Saturday, March 24, 2012

My Serbian Sabbatical

Been meaning to put this up, but was unable to, due to fried computers and so many other project related posts.

Back in January I was dealing with a mess of visa issues. Due to various reasons, I was forced to leave Ethiopia for nearly three weeks to sort everything out from afar. My father recently moved to rural Serbia with his partner Sanja.  They are in the process of reclaiming and reahbilitaring her families farmlands. The two live a beautifully sustainable village life, and my boot out of ol' Abasynnia created a nice oppertunity to spend some time on the family farm.

In the course of a month’s time, I made my way from the green hills of Kololo, to the hazy grays of Addis, to an anomalous Serbian white winter. An interesting cultural gradient as well.  The last three weeks have been spent sorting out visa issues, drafting programming proposals, working my father’s farm, and watching a record amount of snowfall.  Since February 1st, as much as 10 feet of snow inundated urban and rural landscapes. To put it in perspective, the two and a half feet that dumped on the small northern village of Pavlovci, was more than the community expected to receive all winter.  And for that matter, the combined amount for the next three winters.  Unlike much of Southern Serbia, we had no power outages, rather our wood burning stove’s fuel consumption drastically climbed along with the surrounding snow banks.

However, fuel was not an issue.  In the weeks leading up to the freakish European chill, my father and I spent numerous days cutting and splitting meters upon meters of bagrem, walnut, plum, and a very stubborn oaks.  With two of the family wood storage sheds stocked, the unforeseen freeze was little easier to cope with.  Well actually, the constant supply of heaping piles of carbs, protein and sugar played a part as well.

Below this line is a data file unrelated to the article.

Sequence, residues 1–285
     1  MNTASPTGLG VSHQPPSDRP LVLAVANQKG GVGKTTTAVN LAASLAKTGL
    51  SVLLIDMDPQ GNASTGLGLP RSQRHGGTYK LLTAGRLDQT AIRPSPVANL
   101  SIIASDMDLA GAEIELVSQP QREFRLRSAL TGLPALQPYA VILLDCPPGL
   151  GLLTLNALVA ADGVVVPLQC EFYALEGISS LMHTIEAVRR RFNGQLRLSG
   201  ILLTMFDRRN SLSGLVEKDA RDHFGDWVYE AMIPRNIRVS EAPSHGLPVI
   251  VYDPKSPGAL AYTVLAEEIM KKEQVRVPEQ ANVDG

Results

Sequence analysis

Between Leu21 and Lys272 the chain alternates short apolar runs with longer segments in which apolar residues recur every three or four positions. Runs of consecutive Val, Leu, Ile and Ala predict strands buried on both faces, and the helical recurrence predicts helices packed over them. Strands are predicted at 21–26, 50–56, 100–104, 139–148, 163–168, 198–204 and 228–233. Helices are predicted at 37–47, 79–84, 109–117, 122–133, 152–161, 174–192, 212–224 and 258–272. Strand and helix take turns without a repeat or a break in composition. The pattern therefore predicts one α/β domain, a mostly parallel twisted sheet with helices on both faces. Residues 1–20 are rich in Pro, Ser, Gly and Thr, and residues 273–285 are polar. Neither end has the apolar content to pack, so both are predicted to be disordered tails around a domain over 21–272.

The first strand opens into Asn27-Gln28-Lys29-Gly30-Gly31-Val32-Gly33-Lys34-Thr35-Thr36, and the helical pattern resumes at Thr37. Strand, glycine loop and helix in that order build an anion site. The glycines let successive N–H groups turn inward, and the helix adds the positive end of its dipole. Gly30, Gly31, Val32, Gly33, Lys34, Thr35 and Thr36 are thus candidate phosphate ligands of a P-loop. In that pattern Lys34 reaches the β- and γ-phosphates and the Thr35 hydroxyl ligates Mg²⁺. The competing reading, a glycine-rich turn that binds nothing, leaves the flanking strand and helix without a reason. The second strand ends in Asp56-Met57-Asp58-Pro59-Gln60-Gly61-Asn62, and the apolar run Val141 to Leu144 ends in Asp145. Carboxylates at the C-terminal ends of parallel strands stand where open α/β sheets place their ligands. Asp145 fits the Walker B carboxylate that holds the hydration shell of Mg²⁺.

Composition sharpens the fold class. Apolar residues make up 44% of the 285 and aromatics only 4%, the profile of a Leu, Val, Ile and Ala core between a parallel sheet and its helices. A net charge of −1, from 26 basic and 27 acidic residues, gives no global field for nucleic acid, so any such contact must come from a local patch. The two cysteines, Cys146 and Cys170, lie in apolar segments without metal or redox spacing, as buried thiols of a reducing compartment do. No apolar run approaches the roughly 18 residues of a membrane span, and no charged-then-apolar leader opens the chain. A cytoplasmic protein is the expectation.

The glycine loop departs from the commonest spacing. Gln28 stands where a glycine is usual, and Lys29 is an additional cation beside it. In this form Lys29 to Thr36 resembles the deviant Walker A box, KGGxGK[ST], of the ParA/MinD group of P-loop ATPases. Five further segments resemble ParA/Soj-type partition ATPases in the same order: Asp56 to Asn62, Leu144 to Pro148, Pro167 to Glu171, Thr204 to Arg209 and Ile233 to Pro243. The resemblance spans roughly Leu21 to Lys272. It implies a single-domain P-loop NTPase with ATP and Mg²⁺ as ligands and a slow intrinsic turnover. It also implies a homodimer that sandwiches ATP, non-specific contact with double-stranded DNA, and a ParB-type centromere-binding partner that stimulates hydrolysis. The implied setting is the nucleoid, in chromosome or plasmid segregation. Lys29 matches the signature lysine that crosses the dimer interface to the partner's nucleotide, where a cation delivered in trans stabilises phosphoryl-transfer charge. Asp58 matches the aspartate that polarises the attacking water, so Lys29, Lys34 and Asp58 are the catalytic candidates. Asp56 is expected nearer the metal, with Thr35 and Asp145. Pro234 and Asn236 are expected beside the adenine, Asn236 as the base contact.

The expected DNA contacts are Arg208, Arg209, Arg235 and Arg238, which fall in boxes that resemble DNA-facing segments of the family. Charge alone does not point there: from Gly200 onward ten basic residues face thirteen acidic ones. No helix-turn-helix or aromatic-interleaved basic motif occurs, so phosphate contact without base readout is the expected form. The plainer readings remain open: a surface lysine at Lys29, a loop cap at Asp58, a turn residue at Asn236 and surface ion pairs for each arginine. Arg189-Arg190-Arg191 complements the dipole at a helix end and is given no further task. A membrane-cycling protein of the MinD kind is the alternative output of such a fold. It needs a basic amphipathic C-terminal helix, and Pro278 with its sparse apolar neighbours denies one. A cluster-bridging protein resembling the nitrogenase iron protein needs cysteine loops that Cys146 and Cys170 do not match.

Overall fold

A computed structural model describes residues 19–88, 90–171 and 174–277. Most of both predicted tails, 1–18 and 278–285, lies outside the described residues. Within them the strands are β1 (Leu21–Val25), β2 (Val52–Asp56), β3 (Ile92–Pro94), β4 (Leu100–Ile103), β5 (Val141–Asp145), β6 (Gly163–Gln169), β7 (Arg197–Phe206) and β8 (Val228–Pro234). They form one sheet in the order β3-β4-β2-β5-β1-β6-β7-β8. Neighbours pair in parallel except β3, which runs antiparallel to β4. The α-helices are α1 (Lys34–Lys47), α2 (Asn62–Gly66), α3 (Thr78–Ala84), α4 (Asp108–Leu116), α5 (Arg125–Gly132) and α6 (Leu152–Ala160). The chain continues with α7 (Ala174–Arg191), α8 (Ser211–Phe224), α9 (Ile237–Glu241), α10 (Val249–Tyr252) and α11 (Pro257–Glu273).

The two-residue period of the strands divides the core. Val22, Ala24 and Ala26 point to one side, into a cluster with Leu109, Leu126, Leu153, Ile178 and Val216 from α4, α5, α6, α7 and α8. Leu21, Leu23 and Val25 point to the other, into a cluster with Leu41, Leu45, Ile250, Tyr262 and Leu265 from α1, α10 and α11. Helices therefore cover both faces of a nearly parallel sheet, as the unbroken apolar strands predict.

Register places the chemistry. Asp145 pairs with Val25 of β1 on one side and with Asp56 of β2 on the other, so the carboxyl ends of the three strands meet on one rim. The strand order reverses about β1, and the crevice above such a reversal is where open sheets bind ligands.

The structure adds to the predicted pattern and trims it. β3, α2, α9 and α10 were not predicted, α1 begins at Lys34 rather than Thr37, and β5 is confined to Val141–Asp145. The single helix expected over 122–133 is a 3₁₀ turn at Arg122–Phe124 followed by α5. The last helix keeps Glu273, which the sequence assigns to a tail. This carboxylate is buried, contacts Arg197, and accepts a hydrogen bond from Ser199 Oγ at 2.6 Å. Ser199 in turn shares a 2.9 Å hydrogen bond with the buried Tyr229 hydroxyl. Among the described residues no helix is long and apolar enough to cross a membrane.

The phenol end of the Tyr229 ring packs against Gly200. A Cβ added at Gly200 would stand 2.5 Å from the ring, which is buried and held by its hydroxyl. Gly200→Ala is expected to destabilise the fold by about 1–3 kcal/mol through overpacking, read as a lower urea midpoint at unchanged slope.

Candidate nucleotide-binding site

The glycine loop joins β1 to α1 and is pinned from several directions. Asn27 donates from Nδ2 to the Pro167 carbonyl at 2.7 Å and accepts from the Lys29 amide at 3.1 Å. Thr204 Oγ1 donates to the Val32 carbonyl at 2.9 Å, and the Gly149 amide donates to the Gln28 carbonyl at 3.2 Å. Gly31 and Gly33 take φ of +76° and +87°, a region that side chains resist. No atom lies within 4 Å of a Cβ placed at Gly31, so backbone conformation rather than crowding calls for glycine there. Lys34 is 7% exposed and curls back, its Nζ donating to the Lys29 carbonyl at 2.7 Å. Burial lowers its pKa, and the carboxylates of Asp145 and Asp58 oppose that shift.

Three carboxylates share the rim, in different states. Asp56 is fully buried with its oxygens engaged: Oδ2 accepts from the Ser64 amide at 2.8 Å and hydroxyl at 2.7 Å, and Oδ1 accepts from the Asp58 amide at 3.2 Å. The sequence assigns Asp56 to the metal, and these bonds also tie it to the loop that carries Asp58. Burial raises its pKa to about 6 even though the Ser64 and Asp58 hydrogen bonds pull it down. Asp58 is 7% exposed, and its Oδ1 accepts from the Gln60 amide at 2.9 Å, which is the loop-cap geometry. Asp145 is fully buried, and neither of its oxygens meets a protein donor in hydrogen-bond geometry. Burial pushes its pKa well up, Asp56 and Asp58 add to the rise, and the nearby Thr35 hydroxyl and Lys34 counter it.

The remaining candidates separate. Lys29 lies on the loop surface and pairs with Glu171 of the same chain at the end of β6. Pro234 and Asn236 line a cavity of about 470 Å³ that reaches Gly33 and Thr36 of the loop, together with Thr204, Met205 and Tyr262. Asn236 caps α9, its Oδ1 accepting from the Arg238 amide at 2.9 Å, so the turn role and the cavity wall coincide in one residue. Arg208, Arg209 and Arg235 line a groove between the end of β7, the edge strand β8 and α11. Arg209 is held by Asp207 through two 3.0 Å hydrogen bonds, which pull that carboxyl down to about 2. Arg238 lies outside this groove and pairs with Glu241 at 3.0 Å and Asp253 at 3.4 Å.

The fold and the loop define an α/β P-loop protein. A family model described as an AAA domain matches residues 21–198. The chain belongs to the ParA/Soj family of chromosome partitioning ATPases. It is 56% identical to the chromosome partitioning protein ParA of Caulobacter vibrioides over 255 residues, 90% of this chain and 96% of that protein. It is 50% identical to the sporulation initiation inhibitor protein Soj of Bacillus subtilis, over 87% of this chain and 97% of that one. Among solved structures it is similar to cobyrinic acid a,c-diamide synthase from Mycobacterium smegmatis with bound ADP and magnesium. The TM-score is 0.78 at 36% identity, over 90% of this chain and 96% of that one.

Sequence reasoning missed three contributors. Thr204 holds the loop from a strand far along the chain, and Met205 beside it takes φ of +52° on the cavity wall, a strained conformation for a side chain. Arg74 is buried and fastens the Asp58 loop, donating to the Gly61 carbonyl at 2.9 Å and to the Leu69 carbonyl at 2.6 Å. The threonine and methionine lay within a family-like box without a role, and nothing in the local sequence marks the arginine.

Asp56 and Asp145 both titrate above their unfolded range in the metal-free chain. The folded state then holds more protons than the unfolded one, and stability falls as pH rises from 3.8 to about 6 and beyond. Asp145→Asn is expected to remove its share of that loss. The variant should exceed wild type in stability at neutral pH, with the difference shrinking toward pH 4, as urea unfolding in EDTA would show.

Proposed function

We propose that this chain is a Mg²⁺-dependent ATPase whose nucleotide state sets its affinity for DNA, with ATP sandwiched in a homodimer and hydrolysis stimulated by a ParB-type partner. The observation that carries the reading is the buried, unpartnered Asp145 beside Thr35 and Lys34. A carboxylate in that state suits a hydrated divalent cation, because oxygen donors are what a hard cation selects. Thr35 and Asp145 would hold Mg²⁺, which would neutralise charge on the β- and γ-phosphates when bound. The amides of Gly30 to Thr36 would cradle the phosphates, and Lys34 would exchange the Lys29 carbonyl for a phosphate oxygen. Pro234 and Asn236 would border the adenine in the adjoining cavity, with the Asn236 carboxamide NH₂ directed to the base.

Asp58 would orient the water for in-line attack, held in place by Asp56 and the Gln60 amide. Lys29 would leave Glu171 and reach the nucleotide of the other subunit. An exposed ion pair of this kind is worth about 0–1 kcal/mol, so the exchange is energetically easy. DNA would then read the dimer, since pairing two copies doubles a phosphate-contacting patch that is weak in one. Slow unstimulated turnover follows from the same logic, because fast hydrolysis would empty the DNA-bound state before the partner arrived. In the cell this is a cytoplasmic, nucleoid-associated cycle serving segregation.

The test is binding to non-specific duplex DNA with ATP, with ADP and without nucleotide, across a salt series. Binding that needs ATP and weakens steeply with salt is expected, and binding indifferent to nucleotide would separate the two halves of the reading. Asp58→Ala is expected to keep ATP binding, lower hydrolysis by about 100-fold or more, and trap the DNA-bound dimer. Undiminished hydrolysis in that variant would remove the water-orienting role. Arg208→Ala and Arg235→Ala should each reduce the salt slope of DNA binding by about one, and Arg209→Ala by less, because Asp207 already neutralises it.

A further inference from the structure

I gained 12 pounds in 18 days. Both my father and I agree… I could have done better.  If it wasn’t for my daily outdoor workouts, some very Rocky III esque slogs, and adventurous walks to neighboring villages, I could have proudly waddeled into the pound a day club. All in all, the almost nightly consumption of locally produced pork, fresh bread, a variety of cheeses and cake was a delectable change in diet.

I am heading back to Kololo in less then a week. I will be sad to leave family and my white winter in years, though I am eager to see the progress in my absence.

The following photos do a halfway decent job displaying some of what I have been up to that doesn’t involve a computer.

Backyard.  Looking down on plum and cherry orchards, as well as acres of
vegetable lots.

Usual mid morning snack.  everything you see was made from products of
Sanja and Peters or their neighbors farm. Fresh bread, three eggs, and few types
of jam.

Mid evening snacks.  Locally raised pork in a variety of forms.  And some
tasty cheeses brought back from a central Europe outing.

Log cutting work station.

Chopping away for the wood burning stove.

Dad and I walking through one of the family orchards.   We were on our way
to creating a plan of attack.  There was about a full 2 acres of forrest that
needed/needs to be cleared to make way for the future grape vines. 

The first drive in the Lada after the first large storm. 

My friend Caki and i decided to walk to one of the nearest villages for a beer.
It took us about three hours to get there.  

Our path.

Made these for Sanja on one of the snow days.  Each
weight is made from a single log.  No glue, nails or screws
involved, just some power whittling.  

Neighbors fields

Neighbors winery fields.

I have a ton of other great photos that I would like to share, but sadly all others are unacceptable do to my fried netbook. If I end up getting the netbook fixed, Ill be sure to add few of the family house, and of course the family.

1 comment:

  1. These are awesome photos. And, gotta love a Lada! (Very fond memories of those when living in Finland).